The city has been seeking a loan as a means of financing the $20.8 million advanced utility metering initiative. Some in the community say there are more pressing priorities.
(TNS) — The Albany, Ga., City Commission voted Tuesday night to move forward with the application process for an $18.3 million loan that will help finance the city’s $20.8 million advanced metering infrastructure project.
The commission could vote at its Dec. 11 meeting to formally approve the funding that will bring smart meter technology to its utilities customers.
The board voted unanimously to move forward with Davenport & Company Vice President for Public Finance Doug Gebhardt’s recommendation that the city negotiate with request for proposal low bidder Regions Bank’s 2.93 percent rate to finance the $18.3 million loan.
“We got requests from more than 12 lending institutions, and Regions had the lowest rate,” Gebhardt, who handled the bid process for the city, said. “We had all institutions give us bids on 6-year, 8-year and 10-year loans, understanding that the city wanted to use the more aggressive repayment plan of six years.
“We are asking for permission to move forward with negotiations with Regions. If things progress, you would be able to approve the loan at your Dec. 11 meeting and we could close shortly after that.”
City Manager Sharon Subadan said that a special called meeting might be necessary to meet time constraints.
Gebhardt said the city would pay $3.3 million annually on the loan and that the 2.93 percent rate would be fixed. He said the city could prepay the loan with a five-day notice.
One citizen, Warren Grant, challenged the need and the timing for the expenditure.
“You’ve got your priorities in the wrong place,” Grant said. “You’ve got floods and raw sewage in the streets, and you’re worrying about knowing when someone’s electricity is out. I don’t understand how this investment is going to come back to the city. I think you’re throwing $20 million away.”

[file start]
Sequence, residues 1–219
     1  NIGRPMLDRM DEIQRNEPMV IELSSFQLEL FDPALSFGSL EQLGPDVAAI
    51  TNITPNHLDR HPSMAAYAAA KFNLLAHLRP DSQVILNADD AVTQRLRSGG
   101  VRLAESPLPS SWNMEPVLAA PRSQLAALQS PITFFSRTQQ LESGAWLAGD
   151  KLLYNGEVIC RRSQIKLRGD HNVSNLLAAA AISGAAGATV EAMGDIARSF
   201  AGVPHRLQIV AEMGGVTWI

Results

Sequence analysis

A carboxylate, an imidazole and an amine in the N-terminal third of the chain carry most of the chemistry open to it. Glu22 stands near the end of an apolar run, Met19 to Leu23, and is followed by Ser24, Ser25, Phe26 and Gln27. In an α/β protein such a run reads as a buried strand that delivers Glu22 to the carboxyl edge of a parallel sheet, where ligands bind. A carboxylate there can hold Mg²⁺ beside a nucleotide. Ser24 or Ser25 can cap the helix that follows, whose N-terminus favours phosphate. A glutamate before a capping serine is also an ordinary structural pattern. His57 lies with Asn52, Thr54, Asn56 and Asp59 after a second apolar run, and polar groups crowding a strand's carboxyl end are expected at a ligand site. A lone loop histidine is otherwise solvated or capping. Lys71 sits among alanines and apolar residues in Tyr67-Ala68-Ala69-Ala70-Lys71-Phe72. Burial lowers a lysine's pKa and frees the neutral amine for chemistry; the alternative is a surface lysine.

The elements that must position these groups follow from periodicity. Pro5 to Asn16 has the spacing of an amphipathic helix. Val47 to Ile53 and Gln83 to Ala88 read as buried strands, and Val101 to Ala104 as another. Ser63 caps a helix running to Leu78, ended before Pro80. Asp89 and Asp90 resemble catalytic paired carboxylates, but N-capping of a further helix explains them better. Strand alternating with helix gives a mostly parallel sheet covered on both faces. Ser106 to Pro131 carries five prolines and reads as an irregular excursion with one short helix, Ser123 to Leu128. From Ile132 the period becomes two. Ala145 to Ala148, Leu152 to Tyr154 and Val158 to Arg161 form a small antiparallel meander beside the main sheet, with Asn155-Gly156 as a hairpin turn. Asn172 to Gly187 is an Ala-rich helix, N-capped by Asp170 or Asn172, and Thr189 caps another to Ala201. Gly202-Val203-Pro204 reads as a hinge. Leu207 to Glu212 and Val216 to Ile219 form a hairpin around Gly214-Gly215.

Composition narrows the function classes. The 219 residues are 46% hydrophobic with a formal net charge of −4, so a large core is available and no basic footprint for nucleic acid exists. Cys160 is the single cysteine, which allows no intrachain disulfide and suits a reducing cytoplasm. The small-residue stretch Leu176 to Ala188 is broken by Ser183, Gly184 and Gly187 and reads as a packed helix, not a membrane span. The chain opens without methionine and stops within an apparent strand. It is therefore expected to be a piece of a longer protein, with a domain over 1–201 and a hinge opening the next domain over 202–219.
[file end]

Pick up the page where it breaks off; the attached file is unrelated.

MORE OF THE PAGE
Utilities Director Jimmy Norman told Grant that having the smart meter technology in place in the aftermath of Hurricane Michael would have allowed the city to restore utilities days sooner.
“If we’d had this technology during Michael, I would have gotten on my cellphone at that moment in time the location where all of the utilities were out,” Norman said. “As it was, we spent the first three days after the hurricane just doing an assessment. With the technology of the smart meters, we would have been able to start that process much sooner.”
Grant insisted that “the way you’ve always done it” would continue to work, saying the funding for the advanced metering would be better used to address the city’s aging sewer and water systems. He said he would like to be shown how the new technology would save the city and its taxpayers money.
“For small, mom-and-pop businesses — and 55 percent of our businesses are small businesses — those three or four days (of having electricity restored) can make a world of difference,” Ward III Commissioner B.J. Fletcher said. “Look, we’ve done our due diligence on this. If you’re genuinely interested in seeing how this technology will benefit our citizens, we can show you.”
Before the commission voted 7-0 to move the negotiations forward, Subadan said, “This is not a shiny new toy for our toy box. It allows us to address and replace aging infrastructure before it fails.”
©2018 The Albany Herald, Ga. Distributed by Tribune Content Agency, LLC.